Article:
Off The Bat: Red River Showdown, Beavers Get Back
Texas Wins Red River Showdown
The Red River Rivalry is one of the Big 12 Conference’s best rivalries and this weekend brought together the top two teams in the conference standings. Oklahoma held a slight edge on Texas in the standings and had home-field advantage at L. Dale Mitchell Park, where it was 21-5 this season.
Texas rose to the occasion, however. The Longhorns opened the series Friday with a dramatic, ninth-inning comeback for a 7-6 victory and then clinched the series Saturday with a 5-3 victory in a taut game. The Sooners (26-13, 9-3) claimed the series finale with a 6-0 victory, a win that keeps them ahead of the Longhorns (24-14, 11-4) in the loss column.
The series victory was a strong ending to an emotional week for Texas. The university hosted on Monday a Celebration of Life for former coach Augie Garrido, who passed away last month. Texas on Tuesday lost 6-5 at Texas A&M in a midweek rivalry game before heading to Oklahoma. In the end, Texas went 2-2 on the week but solidified its position in the Big 12 title race and moved up to No. 20 in the Top 25.
“I feel like we’re prepared so well for these types of weekend environments because of our schedule,” coach David Pierce said. “I felt like we competed well all weekend, played great defense and had a couple guys who swung it well with Kody Clemens and Zach Zubia.”
Clemens and Zubia, the Longhorns’ top two hitters this season, delivered in both victories. Both homered in each of the first two games of the series and they were a two-man rally Saturday to deliver the go-ahead runs in the eighth inning. Clemens singled to lead off the inning and Zubia followed with a two-run home run to give the Longhorns their first and last lead of the day.
Clemens, the youngest son of Roger Clemens, is hitting .369/.467/.709 with 11 home runs this season. Zubia is hitting .299/.419/.567 with eight homers.
“They were the difference,” Pierce said. “They’re both such a presence and they have very good discipline. The lineup feeds around them.”
Friday’s game ordinarily would have featured a showdown between Oklahoma’s Jake Irvin and Texas’ Nolan Kingham, two of the Big 12’s top pitchers. But Kingham, who will likely be drafted in the top 3-5 rounds, was scratched from his start due to an academic attendance violation. He pitched four innings in relief Saturday in a piggyback with Chase Shugart and Pierce said Kingham will go back into the rotation next week.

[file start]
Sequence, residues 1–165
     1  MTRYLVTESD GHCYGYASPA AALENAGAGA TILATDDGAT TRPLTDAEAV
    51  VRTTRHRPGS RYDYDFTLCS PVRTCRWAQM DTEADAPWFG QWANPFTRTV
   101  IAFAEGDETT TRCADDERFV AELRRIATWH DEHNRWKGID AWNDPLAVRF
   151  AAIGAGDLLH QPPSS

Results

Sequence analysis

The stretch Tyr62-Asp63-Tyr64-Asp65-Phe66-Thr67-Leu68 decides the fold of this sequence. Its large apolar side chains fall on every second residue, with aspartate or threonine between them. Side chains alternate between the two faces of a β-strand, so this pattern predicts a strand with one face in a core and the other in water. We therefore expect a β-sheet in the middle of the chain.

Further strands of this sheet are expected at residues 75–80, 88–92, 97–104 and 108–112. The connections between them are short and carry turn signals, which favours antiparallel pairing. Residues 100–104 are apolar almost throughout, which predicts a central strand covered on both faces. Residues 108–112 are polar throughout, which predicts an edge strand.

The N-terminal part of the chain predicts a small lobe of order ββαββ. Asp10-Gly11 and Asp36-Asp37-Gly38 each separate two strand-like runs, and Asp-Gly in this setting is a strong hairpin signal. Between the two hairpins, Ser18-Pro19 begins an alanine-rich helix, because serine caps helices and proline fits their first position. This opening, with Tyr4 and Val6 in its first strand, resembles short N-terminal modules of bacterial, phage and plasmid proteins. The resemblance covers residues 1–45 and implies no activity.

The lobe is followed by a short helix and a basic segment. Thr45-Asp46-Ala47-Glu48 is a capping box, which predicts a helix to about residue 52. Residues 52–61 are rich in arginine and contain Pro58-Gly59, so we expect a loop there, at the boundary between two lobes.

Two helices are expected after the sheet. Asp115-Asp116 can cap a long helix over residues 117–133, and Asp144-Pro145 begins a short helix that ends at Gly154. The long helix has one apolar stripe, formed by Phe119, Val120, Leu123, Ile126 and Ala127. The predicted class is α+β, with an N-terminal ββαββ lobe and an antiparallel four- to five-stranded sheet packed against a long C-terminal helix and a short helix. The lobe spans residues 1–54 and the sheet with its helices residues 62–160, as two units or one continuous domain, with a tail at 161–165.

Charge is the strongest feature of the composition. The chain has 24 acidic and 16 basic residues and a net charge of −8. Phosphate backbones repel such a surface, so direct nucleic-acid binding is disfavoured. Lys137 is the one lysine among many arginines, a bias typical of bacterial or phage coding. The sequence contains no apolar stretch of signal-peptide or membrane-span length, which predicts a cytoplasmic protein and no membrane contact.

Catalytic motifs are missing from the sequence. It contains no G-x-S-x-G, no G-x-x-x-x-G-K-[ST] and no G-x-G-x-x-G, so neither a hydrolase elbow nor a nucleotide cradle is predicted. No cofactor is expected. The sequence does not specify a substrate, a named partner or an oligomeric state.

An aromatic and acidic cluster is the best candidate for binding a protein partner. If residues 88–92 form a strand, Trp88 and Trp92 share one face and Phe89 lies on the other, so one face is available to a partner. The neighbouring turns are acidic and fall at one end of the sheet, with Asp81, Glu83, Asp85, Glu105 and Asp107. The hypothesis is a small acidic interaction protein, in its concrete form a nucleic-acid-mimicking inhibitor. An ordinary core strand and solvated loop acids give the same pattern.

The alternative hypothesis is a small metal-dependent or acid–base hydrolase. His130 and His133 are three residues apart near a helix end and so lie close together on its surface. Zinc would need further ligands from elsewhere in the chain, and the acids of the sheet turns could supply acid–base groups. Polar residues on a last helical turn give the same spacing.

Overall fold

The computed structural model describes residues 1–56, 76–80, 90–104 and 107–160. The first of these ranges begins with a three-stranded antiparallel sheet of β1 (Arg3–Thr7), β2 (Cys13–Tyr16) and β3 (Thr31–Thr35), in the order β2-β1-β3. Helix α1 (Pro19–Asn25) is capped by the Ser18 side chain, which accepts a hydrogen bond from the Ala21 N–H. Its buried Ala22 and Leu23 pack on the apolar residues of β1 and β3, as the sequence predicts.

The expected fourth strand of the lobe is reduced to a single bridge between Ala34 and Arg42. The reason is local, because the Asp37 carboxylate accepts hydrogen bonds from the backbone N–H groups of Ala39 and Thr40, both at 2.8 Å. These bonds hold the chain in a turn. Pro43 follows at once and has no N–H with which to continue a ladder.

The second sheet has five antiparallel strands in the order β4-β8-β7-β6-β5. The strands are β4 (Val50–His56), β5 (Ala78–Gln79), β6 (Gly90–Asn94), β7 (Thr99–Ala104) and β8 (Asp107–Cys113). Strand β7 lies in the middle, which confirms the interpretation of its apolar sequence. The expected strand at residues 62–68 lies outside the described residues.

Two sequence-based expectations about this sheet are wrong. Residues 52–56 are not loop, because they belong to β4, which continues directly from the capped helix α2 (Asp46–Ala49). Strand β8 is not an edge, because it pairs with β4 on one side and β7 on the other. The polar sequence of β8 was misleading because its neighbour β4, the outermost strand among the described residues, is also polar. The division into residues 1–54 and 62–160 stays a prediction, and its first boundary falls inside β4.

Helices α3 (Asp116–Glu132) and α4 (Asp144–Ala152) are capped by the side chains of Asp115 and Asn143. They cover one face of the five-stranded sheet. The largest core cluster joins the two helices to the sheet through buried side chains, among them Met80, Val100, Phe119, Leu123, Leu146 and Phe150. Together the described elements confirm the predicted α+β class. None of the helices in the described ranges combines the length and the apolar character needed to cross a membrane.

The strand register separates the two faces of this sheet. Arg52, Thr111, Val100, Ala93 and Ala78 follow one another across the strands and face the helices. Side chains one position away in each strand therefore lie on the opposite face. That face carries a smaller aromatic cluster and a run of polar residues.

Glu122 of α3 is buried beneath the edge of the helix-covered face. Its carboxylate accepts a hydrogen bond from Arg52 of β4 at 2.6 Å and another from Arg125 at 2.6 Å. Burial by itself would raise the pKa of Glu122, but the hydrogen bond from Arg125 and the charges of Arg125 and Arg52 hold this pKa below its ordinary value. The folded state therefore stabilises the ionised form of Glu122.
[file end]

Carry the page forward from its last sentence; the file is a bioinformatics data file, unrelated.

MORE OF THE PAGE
Kingham’s absence Friday forced the Longhorns to piece things together on the mound. Still, thanks to a three-run rally in the ninth inning, they were able to give the ball to closer Andy McGuire, who closed out his fifth save of the year.
Texas came into the year ranked No. 14 in large part due to its pitching staff. The Longhorns haven’t reached their ceiling on the mound and rank fifth in the Big 12 with a 4.39 team ERA. Their defense, however, has been exemplary. With Clemens and shortstop David Hamilton anchoring the middle of the infield, Texas leads the Big 12 in fielding with a .978 mark.
Strong defenses were long a mark of Garrido’s teams and it is fitting that the Longhorns are following that legacy this season. They are playing with AG16 decals on their helmets and hats and Texas A&M on Tuesday even put out an on-deck circle emblazoned with the legendary former coach’s initials and number.
Garrido recruited and coached many of these Longhorns before he stepped aside following the 2016 season. Pierce, who was hired that summer to take over the program, said the Longhorns want to honor his legacy.
“They respect and understand the game better because of him,” Pierce said. “His presence is definitely felt.”
Following an intense week, Texas now returns home and steps out of conference play for a week with New Orleans coming to town next weekend. Texas still has three Big 12 series to go and they won’t be easy, with visits to West Virginia and No. 5 Texas Tech followed by a series against Texas Christian on the final weekend of the regular season.
But, for now, Pierce and the Longhorns are enjoying their position in the conference race.
“I think it’s awesome,” Pierce said. “What you’re hoping for is to have a shot to be in contention at the end. It was a great weekend for us to go on the road and take two out of three.”
Oregon State Gets Back On Track
After last season’s dominance, it was jarring to see Oregon State lose a series two weeks ago at Utah, which went into that weekend 4-19. Oregon State lost another series the following weekend, this time at Arizona. In the span of 11 days, the Beavers had lost more Pac-12 games (four) than they lost all last year (three).